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Networking: Visit to Toronto’s urban agriculture projects and Ryerson University

Urban agriculture project have spread over Toronto, as it can be seen in the UA projects map of the Toronto Urban Growers website. Project are classified among community gardens (Toronto parks, Public housing, other), allotment gardens, school and childern’s gardens, urban agriculture businesses (producers), organizations, rooftop gardens, greenhouses, beehives and orchards.

Taking advantage of my visit to North America for the ISIE-ISSST 2017 conference, I visited Prof. Joe Nasr at Ryerson University (Centre for Studies in Food Security), who showed me some of the vibrant UA projects in the city of Toronto.

 

Ryerson Urban Farm – link

Taking the advantage of a former green roof, the Ryerson Urban Farm started to cultivate the roof of one of the Campus buildings with a pilot plot. Currently, the Farm crops the entire rooftop, including two recent beehives, have some spots with container cultivation around the campus, a food forest and a flower garden. The Farm employs soil-based ecological growing methods (crop rotation, composting, mulching). Tours, educational programs and community engagement complement the food production of the rooftop farm. Food is sold through farmers’ markets (in the same Campus), to restaurants and via Community-Supported Agriculture (CSA).

The Farm in the news – link

 

Evergreen Brick Works – link

EVERGREEN Brick Works is a “place where the world can experience sustainable practices that enable flourishing cities of the future”. Through the renovation of a deterioring heritage building of past industry in Toronto’s Don Valley, this new spot of the city is a public space and meeting point to exchange and disseminate about green cities, ecology, planning, design, technology and arts. Regarding urban agriculture, Brick Works hosts a farmers’ market on Saturdays, the largest market of Toronto which started in 2007, engaging a large community to get to know local producers. Evergreen also hosts a demonstrative Urban Farming Unit by Ripple Farms (see below). Furthermore, citizens can find local seedlings and urban gardening elements in the EVERGREEN shop at Brick works to develop their own urban gardens.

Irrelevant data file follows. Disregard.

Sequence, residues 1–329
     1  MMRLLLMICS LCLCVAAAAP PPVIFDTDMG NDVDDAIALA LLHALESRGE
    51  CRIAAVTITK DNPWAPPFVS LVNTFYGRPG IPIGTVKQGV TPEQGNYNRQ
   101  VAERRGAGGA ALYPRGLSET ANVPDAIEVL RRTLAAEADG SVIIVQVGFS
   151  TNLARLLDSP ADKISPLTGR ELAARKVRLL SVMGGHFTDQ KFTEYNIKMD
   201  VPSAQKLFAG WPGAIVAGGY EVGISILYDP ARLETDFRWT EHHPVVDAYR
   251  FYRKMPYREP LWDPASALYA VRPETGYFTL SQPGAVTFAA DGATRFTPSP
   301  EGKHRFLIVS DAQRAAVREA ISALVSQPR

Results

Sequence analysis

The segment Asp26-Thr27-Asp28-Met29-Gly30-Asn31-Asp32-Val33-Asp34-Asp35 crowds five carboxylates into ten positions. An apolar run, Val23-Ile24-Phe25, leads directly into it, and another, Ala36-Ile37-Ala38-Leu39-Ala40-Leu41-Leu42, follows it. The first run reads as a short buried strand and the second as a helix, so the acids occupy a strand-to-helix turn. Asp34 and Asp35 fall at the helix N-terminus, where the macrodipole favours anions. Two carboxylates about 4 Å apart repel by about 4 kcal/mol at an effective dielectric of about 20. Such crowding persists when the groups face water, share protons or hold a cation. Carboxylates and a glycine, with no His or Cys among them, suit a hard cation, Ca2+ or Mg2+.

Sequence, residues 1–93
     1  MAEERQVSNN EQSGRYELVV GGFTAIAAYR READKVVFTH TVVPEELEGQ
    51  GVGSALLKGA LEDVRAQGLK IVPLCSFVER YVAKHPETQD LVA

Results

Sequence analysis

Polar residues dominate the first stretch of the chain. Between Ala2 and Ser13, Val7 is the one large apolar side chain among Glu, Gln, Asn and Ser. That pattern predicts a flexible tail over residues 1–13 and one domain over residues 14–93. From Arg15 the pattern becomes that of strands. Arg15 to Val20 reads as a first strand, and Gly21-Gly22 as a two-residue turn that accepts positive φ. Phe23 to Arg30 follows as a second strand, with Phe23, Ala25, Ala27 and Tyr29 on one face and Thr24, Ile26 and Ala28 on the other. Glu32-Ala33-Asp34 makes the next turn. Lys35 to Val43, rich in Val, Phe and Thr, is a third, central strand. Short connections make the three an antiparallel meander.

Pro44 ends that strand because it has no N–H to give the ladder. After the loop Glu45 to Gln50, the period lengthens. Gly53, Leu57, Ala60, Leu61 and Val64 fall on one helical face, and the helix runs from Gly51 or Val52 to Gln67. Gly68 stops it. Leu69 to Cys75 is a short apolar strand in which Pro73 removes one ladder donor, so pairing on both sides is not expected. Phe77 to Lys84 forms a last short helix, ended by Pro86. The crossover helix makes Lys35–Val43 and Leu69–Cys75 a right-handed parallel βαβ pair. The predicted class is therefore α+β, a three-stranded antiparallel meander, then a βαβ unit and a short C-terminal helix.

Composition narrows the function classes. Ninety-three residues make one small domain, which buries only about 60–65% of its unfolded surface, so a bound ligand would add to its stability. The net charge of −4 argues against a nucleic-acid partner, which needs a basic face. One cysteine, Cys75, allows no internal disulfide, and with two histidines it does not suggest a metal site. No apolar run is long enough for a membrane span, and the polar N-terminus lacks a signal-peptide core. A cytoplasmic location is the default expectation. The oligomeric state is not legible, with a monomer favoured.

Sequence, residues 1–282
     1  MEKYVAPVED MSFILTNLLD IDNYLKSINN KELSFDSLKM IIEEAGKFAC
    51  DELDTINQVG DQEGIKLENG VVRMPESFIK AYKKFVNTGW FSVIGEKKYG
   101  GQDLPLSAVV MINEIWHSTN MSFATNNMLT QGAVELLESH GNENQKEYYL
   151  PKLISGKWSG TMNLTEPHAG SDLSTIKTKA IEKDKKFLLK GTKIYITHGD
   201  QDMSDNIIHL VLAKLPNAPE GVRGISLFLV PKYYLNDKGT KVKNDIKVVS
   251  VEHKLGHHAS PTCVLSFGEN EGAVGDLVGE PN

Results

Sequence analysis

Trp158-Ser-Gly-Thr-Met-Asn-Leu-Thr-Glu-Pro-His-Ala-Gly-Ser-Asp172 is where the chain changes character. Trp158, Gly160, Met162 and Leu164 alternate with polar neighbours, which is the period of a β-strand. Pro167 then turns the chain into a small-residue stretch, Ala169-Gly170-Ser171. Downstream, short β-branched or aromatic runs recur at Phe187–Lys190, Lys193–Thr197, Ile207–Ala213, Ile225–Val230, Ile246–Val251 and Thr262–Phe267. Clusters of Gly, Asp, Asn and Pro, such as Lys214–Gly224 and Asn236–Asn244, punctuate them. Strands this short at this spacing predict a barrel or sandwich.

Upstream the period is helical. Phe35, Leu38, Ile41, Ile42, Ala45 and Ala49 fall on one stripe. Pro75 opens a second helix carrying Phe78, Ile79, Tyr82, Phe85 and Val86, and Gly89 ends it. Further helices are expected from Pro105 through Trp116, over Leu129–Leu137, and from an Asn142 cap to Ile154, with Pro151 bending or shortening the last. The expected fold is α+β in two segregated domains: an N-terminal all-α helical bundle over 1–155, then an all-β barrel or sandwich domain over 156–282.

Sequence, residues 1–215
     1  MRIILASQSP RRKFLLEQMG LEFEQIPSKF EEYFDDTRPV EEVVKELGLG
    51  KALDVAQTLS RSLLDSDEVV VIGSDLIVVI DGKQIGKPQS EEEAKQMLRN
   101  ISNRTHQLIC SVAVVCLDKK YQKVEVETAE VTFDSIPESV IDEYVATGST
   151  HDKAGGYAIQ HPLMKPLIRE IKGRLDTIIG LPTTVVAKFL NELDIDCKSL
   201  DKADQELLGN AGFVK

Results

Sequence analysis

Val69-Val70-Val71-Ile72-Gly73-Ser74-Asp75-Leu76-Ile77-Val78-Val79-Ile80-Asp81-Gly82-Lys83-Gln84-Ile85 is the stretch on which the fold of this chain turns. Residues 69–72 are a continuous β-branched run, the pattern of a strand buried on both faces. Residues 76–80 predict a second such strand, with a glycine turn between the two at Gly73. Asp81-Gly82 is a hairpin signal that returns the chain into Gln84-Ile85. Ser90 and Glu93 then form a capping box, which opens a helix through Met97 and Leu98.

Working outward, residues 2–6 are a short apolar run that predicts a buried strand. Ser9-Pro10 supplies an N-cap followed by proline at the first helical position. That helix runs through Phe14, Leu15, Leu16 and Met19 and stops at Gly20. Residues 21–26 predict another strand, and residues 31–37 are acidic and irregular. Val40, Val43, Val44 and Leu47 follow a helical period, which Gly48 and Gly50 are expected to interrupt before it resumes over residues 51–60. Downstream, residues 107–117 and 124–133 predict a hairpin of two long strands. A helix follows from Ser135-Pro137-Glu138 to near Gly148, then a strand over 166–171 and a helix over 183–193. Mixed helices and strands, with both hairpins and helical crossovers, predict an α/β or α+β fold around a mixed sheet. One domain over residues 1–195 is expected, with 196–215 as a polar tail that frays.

Evergreen.jpg

Know more: Evergreen Brick Works: A Story of Change – Video link

Ripple Farms – link

Ripple Farms is a social enterprise developing the aquaponics technology and business moel in Canada, with its first Urban Farming Unit placed in Evergreen Brick Works. The project aims to produce food locally, in an organic manner, year-round and seeking for resource efficiency (e.g., water and nutrients recirculation). Currently, the unit produces Tilapia and different greens (Arugula Microleaf, Buttercrunch Lettuce, Chard Flamingo, Frisee Endive, Little Gem Lettuce, Mustard Sprouts, Purple Basil, Sunflower Sprouts). Food production is combined with education and dissemination, such as workshops for citizens and schools.

 

FoodShare at Eastdale – link

The School grown program at Eastdale Collegiate Institute is one of the UA programs of FoodShare in the city of Toronto. The rooftop garden implemented in the former rooftop playground of the school is made of wooden beds and self-watering buckets. Soil with compost is employed for the cultivation. The main objective of the project is to educate and tran youth in food production, cooking and marketing. The education is also the main axis of the business model, complemented with the selling of the produce in farmer’s markets and to restaurants. A total of 65 crops are cultivated in this rooftop, dominated by leaf greens, which have the higher value in the market. Fertilization is performed with self-made compost, as composting and waste management is one focus of the School Grown program. During summer, the program employs students looking for summer jobs to fund their studies.

Learn more: FoodShare’s video

 

 


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Case study: LED lighting solutions for indoor farming – Bologna, Italy

Location: Bologna, Italy

Typology: Indoor farming – LED lighting

Urban area: Inner city – Building-integrated

Innovation type: Technological innovation

Main functions: Experimental research – Education and training – Resource-efficient food production

Users: Researchers – Companies – Students – Citizens

LED_farm

 

HISTORY & CONTEXT

The LED farming experiments at the Department of Agricultural and Food Sciences of the University of Bologna, in collaboration with the company FLYTECH, look for optimizing the design of indoor farms by employing this technology. Different types of light technologies, spectra and crops are tested in this indoor farm lab. Productivity, nutritional quality of grown products, resources use efficiency are evaluated.

 

AGRICULTURAL CHARACTERISTICS

 Crops: Lettuce